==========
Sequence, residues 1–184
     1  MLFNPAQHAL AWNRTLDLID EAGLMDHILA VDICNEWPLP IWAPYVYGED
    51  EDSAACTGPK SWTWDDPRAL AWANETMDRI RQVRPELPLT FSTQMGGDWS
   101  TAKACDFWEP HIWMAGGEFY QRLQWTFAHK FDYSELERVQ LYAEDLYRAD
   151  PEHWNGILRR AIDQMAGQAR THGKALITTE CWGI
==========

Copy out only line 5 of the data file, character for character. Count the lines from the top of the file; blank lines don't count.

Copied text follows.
   151  PEHWNGILRR AIDQMAGQAR THGKALITTE CWGI